Australia fought for a year to duck a global black eye.
On the first day of July it succeeded, when a global conservation agency opted not to place the Great Barrier Reef on an international 'in danger' list of dozens of important cultural and environmental sites that are threatened with destruction.
Instead, the UNESCO World Heritage Committee agreed to the country's plan for saving the Great Barrier Reef. Among other measures, Australia says it will slash 80 percent of polluting runoff from farms and coastal development into the reef's waters by 2025.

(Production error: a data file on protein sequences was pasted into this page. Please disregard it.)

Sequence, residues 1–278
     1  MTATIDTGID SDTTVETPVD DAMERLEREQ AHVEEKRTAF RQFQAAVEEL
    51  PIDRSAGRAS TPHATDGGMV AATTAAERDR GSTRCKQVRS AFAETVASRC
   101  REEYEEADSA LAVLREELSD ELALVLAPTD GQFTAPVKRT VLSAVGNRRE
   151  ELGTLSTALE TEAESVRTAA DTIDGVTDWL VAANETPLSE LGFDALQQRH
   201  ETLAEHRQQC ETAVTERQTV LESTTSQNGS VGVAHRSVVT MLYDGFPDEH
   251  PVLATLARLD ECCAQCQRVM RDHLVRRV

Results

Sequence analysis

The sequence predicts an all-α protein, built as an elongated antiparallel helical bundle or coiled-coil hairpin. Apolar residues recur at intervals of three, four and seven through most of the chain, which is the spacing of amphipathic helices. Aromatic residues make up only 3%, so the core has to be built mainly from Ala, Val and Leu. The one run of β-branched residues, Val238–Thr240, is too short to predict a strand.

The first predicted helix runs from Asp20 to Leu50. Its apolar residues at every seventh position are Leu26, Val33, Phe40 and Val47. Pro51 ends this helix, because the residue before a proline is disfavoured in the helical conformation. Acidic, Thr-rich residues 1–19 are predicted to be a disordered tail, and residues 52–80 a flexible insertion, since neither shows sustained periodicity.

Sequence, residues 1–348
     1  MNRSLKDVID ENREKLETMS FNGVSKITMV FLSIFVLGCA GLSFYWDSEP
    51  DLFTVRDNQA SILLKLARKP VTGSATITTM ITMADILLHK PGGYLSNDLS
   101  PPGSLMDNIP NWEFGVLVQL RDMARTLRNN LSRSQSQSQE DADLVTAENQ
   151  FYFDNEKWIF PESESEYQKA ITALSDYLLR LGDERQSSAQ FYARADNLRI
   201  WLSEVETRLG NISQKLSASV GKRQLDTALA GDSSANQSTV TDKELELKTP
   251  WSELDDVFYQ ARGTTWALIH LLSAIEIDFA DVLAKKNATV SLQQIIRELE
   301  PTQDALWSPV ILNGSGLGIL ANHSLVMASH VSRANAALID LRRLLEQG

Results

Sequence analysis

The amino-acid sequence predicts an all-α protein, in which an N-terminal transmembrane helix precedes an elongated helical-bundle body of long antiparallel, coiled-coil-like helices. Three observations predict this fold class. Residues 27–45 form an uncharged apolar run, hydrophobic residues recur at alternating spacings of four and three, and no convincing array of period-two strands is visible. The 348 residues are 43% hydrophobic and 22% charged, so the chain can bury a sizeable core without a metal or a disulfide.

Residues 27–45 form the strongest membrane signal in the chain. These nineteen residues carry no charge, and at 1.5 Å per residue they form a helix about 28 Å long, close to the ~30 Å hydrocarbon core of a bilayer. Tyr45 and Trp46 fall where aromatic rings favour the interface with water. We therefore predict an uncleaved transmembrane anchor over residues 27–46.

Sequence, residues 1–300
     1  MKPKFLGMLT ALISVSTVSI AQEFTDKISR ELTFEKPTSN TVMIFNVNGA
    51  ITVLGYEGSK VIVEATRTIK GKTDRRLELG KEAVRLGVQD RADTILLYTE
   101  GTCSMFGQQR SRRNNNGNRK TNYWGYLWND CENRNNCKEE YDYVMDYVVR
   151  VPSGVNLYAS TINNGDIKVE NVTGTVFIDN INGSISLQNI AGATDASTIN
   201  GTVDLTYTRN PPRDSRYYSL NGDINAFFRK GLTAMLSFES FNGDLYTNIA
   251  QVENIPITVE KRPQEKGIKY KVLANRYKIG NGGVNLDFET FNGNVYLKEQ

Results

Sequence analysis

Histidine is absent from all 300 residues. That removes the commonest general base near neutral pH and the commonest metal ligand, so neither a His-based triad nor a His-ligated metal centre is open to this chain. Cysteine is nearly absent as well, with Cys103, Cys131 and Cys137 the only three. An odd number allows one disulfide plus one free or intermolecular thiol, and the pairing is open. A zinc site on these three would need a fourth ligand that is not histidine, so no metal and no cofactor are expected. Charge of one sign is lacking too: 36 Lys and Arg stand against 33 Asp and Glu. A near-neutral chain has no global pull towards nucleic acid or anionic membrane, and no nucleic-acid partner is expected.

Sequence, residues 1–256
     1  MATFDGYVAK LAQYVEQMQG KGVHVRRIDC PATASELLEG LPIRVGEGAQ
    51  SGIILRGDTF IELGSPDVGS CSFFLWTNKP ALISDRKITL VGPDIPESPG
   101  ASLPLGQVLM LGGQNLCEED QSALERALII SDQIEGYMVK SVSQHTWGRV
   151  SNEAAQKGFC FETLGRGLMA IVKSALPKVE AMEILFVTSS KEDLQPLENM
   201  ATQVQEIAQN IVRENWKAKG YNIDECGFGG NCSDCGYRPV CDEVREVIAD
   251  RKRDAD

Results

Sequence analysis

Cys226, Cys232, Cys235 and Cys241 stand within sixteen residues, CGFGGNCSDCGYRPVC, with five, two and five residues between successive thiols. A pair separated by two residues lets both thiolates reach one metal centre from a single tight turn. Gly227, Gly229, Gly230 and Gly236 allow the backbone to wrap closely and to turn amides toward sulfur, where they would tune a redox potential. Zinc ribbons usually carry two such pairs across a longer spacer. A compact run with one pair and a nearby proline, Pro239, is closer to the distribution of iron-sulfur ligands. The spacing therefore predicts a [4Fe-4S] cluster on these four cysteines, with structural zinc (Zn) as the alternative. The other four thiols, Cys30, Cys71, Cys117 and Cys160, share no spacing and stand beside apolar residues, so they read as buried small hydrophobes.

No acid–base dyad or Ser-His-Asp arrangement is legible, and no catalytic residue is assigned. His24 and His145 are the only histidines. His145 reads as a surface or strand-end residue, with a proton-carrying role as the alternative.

Pollution is a major factor in the Great Barrier Reef's decline—around half the 1,200-mile-long reef's corals have died in the past 30 years—and so are increasingly warmer and more acidic ocean waters.
Burning coal for energy is the main cause of both these problems. But so far, Australia has not backed off its intention to open six new coal mines, and ship the coal through a coal terminal not far from the reef.
Australia will deliver the first progress report on its Great Barrier Reef restoration plan to UNESCO in late 2016.
Take a look at some of the threats to the existence of the Great Barrier Reef, along with beautiful views that explain why millions of tourists visit it every year.